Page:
4.
Gastroenterol Rep (Oxf) ; 7(1): 13-23, 2019 Feb.
Artigo em Inglês | MEDLINE | ID: mdl-30792862

RESUMO

Acute pancreatitis (AP) associated with intravenous administration of propofol has been described with unknown causal relation. We therefore assessed this causality in a systematic review. Multiple databases were searched on 16 August 2017; studies were appraised and selected by two reviewers based on a priori criteria. Propofol causality was evaluated with the Naranjo scale and Badalov classification. We identified 18 studies from 11 countries with a total of 21 patients, and the majority had adequate methodological quality. The median age was 35 years (range, 4-77) and 10 (48%) were males. Overall, propofol was administrated in 8 patients as sedative along with induction/maintenance of anesthesia in 13 patients; median dose was 200 mg, with intermediate latency (1-30 days) in 14 (67%). Serum triglycerides were >1000 mg/dL in four patients. Severe AP was observed in four patients (19%). AP recurrence occurred in one out of two patients who underwent rechallenge. Mortality related to AP was 3/21(14%). Propofol was the probable cause of AP according to the Naranjo scale in 19 patients (89%). Propofol-induced AP has a probable causal relation and evidence supports Badalov class Ib. Hypertriglyceridemia is not the only mechanism by which propofol illicit AP. Propofol-induced AP was severe in 19% of patients with a mortality rate related to AP of 14%. Future research is needed to delineate whether this risk is higher if combined with other procedures that portend inherent risk of pancreatitis such as endoscopic retrograde cholangiopancreatography.

5.
Anesth Analg ; 129(1): 301-305, 2019 07.
Artigo em Inglês | MEDLINE | ID: mdl-30489314

RESUMO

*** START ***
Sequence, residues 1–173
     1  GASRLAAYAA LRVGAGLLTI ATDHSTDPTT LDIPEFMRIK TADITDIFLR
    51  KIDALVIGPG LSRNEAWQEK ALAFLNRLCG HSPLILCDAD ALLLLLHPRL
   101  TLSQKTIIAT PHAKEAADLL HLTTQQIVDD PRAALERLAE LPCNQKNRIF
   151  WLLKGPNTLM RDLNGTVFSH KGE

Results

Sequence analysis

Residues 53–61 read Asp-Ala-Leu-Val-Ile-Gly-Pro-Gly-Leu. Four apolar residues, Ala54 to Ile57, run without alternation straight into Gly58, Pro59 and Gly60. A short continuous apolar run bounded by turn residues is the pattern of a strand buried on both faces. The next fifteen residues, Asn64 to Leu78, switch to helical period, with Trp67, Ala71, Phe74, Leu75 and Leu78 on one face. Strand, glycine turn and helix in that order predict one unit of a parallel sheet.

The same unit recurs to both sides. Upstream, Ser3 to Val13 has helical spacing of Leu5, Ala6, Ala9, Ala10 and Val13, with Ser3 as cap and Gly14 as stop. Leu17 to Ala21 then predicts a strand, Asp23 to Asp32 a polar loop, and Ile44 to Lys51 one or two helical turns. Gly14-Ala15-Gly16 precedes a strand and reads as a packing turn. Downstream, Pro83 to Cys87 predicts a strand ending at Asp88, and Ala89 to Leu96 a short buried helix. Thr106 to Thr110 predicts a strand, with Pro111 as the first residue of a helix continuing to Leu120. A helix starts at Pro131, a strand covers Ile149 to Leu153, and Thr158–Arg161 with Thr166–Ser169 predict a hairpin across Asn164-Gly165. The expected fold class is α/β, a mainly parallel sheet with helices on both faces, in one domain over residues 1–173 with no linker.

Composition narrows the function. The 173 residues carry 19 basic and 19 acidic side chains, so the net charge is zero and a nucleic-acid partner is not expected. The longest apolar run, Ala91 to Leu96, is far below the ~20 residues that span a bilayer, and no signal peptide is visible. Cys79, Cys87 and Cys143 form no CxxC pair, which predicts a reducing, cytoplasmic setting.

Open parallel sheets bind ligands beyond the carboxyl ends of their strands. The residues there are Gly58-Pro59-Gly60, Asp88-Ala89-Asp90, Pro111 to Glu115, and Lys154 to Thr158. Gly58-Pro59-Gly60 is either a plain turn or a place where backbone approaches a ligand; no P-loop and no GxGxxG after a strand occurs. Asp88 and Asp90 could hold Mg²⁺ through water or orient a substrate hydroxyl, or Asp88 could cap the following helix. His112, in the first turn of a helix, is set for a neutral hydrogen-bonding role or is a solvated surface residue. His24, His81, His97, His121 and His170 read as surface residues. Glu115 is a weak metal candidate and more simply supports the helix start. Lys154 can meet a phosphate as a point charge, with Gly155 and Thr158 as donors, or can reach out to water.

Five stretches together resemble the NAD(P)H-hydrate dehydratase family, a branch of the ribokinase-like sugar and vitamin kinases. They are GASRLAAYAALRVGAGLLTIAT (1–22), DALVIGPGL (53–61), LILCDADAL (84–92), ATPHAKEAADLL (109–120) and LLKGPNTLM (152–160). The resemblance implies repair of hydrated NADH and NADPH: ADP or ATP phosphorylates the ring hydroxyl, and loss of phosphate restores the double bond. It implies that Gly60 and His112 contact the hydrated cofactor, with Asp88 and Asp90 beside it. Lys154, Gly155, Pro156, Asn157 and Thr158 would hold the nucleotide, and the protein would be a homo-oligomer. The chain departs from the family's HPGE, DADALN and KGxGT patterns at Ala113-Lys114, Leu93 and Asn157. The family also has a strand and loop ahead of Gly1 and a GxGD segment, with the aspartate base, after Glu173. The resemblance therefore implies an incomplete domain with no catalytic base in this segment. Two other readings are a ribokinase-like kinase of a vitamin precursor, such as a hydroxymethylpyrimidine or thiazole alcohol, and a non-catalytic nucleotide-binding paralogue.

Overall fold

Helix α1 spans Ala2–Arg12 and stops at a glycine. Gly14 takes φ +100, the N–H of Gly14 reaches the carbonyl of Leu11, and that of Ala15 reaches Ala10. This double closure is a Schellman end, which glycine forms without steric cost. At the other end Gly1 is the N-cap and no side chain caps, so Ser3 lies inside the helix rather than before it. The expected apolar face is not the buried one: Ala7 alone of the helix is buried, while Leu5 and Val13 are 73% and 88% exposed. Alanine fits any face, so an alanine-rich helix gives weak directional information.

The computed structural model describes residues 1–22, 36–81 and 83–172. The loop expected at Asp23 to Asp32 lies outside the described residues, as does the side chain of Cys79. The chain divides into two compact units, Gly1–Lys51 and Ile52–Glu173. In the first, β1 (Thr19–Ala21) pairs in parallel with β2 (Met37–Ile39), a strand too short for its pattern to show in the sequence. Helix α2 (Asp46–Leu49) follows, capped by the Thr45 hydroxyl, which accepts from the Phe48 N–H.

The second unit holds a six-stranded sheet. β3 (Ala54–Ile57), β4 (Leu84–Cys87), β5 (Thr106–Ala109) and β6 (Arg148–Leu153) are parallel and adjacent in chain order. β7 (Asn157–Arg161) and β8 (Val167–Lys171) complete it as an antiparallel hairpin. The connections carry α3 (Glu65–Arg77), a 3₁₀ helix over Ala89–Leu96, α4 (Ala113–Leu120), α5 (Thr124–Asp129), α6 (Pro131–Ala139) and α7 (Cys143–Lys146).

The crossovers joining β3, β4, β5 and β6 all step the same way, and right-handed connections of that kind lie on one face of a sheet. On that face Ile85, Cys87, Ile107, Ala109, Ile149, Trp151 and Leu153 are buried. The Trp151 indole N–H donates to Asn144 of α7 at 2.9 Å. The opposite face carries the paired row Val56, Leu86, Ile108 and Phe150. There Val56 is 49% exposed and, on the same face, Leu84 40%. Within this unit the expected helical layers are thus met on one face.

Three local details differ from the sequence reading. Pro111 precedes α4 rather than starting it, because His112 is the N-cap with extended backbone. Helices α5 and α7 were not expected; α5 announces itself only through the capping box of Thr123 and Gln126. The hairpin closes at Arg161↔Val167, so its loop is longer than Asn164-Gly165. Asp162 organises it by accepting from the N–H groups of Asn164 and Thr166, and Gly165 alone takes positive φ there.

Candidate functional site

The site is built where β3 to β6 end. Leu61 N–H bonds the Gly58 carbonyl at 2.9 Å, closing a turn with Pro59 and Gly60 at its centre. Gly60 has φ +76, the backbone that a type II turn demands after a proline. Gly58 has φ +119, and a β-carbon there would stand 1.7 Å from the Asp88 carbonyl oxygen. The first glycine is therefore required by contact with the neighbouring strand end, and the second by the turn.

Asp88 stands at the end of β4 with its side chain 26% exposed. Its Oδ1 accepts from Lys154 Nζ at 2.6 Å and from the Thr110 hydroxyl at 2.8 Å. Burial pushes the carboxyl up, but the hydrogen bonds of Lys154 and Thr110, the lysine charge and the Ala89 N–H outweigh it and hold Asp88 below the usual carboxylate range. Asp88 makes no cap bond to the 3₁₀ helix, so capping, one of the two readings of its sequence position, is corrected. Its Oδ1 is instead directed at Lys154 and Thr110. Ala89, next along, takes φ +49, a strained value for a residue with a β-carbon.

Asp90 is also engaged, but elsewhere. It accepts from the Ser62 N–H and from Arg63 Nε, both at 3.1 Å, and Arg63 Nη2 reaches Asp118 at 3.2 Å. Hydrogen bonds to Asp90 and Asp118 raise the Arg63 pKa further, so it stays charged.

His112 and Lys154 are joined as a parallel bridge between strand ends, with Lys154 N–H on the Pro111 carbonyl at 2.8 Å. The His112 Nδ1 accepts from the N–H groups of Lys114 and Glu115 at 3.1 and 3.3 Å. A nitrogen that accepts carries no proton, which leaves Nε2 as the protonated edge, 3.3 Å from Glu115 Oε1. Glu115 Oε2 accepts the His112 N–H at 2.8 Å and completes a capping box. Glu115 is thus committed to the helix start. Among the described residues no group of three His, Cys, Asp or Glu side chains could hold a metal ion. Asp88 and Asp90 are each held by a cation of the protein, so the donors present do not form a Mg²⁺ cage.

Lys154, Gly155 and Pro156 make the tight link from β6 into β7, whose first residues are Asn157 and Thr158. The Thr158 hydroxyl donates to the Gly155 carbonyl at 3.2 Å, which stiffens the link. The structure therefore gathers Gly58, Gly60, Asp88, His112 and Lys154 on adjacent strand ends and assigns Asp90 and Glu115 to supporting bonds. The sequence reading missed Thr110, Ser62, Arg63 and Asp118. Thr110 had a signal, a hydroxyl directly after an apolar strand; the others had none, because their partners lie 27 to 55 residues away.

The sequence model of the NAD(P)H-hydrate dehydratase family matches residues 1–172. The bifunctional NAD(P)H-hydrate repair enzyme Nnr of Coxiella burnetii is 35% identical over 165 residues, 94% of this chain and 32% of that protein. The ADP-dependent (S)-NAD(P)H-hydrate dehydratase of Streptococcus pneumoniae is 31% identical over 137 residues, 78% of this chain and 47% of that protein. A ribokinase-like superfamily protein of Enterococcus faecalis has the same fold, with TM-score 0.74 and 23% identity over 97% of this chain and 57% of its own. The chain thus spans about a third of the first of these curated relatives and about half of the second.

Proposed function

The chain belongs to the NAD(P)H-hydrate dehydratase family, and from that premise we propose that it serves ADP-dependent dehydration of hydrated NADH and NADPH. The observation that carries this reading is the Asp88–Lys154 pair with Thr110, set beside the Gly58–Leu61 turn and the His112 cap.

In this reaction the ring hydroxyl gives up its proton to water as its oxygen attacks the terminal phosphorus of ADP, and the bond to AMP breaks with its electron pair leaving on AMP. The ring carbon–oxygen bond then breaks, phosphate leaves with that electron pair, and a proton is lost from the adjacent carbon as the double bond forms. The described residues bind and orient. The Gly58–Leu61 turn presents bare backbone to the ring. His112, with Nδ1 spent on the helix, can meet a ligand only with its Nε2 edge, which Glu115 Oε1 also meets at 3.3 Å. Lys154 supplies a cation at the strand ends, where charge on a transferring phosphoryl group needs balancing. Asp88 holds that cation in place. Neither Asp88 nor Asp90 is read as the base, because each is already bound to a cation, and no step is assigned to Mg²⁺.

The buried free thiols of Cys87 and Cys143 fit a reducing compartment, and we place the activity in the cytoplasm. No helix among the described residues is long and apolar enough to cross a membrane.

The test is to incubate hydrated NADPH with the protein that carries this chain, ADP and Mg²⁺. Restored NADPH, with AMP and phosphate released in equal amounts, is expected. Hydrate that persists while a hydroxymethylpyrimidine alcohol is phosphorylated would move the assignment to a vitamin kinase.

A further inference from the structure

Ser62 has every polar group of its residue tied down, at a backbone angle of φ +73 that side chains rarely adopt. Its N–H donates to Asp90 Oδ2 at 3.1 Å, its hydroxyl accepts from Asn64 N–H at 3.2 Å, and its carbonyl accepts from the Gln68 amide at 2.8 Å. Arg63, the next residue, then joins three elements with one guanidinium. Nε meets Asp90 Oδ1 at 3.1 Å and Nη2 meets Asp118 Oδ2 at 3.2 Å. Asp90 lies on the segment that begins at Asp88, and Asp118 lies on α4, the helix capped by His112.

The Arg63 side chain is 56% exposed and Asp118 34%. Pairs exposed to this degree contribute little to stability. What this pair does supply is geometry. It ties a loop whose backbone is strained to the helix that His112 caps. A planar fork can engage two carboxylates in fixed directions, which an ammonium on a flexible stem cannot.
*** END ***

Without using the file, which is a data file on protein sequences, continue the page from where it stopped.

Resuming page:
The American Society of Anesthesiologists (ASA) Annual Meeting is the primary venue for anesthesiologists to present research, share innovations, and build networks. Herein, we describe gender representation for physician speakers at the Annual Meeting relative to the specialty overall. Details of ASA Annual Meeting presentations for individuals and panels were abstracted from the ASA archives for 2011-2016. Observed speaker gender composition was compared to expected composition based on the gender distribution of members of the ASA. There were 5167 speaker slots across 2025 presentations and panels. Of the speaker slots, 3874 were assigned to men and 1293 to women. Speaker slot gender composition was relatively consistent between 2011 and 2016 (annual percentage 22.3%-27.7% women, trend test P = .062). ASA membership composition of women increased slightly over the study period (24%-28%). The overall observed number of women in speaker slots over the study period did not differ significantly from what would be expected based on the ASA membership composition (25.0% observed versus 25.9% expected; P = .153). However, the percentage of single speakers who were women was significantly less than would be expected based on the ASA gender distribution (20.2% observed versus 25.9% expected; P < .001). Interestingly, for panels that included 2-5 anesthesiologists, single-gender panels were more common than would be expected by chance, with all-male panels predominating (all P < .01). The gender composition of speakers at the ASA Annual Meeting largely reflected gender composition within the specialty, although women were not overrepresented at any meeting. The predominance of single-gender panels and underrepresentation of women as single speakers is a potential target to improve gender representation.